Is That REALLY Still a Law?

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The following is a guest post from Andrew Taylor, Partner in the Family Law Practice at Weber Gallagher

As those who follow the news may have noticed, it seems that here in the U.S., many state lawmakers are slow to pass new laws. However, it’s possible these same lawmakers may be even slower to repeal old laws – even though many of them seem completely ridiculous in the year 2013. In fact, it is hard to imagine a time when some of these laws made sense at all.

While some of these old laws are amusing (and rarely enforced), antiquated laws that remain on the books can have devastating consequences if applied in today’s modern times.

Exhibit A: The Funny Ones

Did you know that in the state of Idaho it is illegal for a man to give his sweetheart a box of candy weighing less than fifty pounds? So, ladies, if you feel unappreciated, move to Idaho. Does your husband get credit for a nice gift if he has to give it by law, though?

In Logan County, Colorado, it is illegal for a man to kiss a woman while she is asleep. I guess it is a good idea to see who is coming in for a kiss before reciprocating, but is this something that needs to be a law? Awake or asleep, watch out if you are in Hartford, Connecticut where it is illegal to kiss your wife on Sundays.

In Kentucky, it is illegal to marry the same man four times. This is a law that might not actually be a bad idea – if the third time was not a charm, you are probably out of luck.

Exhibit B: The Tragic Ones

While it may be fun to read and poke fun at some of these outdated laws, crafty lawyers can sometimes dig one of them up and use it to their client’s advantage, often with shocking results.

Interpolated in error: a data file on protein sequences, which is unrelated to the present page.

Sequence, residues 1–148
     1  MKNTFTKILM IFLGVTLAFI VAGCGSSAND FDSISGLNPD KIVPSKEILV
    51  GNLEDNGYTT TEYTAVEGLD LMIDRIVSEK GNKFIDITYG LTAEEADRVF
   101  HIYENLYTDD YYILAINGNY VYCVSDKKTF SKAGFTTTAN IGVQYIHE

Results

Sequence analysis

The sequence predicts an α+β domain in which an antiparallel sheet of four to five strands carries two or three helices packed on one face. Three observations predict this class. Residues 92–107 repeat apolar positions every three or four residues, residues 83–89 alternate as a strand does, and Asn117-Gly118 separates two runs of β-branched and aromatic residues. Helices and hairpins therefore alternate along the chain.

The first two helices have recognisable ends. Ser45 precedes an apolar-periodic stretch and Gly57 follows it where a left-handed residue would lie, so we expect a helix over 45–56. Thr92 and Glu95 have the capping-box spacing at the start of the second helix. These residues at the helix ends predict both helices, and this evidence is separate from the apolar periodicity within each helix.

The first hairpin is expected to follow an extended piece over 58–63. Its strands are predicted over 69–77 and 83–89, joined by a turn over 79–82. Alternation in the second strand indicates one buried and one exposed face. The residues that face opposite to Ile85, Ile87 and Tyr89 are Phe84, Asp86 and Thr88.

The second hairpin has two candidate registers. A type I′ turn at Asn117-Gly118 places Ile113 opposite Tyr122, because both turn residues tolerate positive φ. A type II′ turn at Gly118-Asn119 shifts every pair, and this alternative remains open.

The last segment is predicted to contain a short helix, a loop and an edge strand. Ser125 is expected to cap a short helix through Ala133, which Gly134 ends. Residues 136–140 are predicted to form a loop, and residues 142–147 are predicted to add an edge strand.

For example, take the case in California where a rapist was set free because of an ancient law from the 1800s that remains on the books. In 2009, Julio Morales admittedly had sex with a woman after her boyfriend left her bedroom late one evening. When she realized Morales was not her boyfriend, she tried to fight him off, but to no avail. Morales was convicted of rape by impersonation.

However, a California appeals court recently overturned Mr. Morales’ conviction because of a law from 1872 that says if a man has sex with a woman in California by pretending to be her husband, that’s rape; but if she is not married, and the rapist impersonates her boyfriend, it is not rape. Really? How did this one ever make sense?

The California court stated that because of “historical anomalies in the law in the statutory definition of rape,” the man had not committed rape. The Court went on to say that “if the woman had been married and the man had impersonated her husband,” it would have been rape. The Judges said that they were essentially constrained in setting the man free because of this old law, and they did so reluctantly.

How long until another one of these old absurd laws allows a criminal to walk free? In Arkansas, there is still a law in the books that says a man can legally beat his wife, but no more than once a month. Could some judge in the future feel constrained to apply this law to a domestic violence case and set a man free because he only abused his wife once a month?

The real tragedy in all of this is that the problem can be so easily fixed. Legislators in each state only need to regularly review the laws on their books and vote to repeal any archaic laws that make no sense. Sure, women in Idaho might get smaller presents, but the next rapist in California might actually go to jail.

Seems like a no-brainer.

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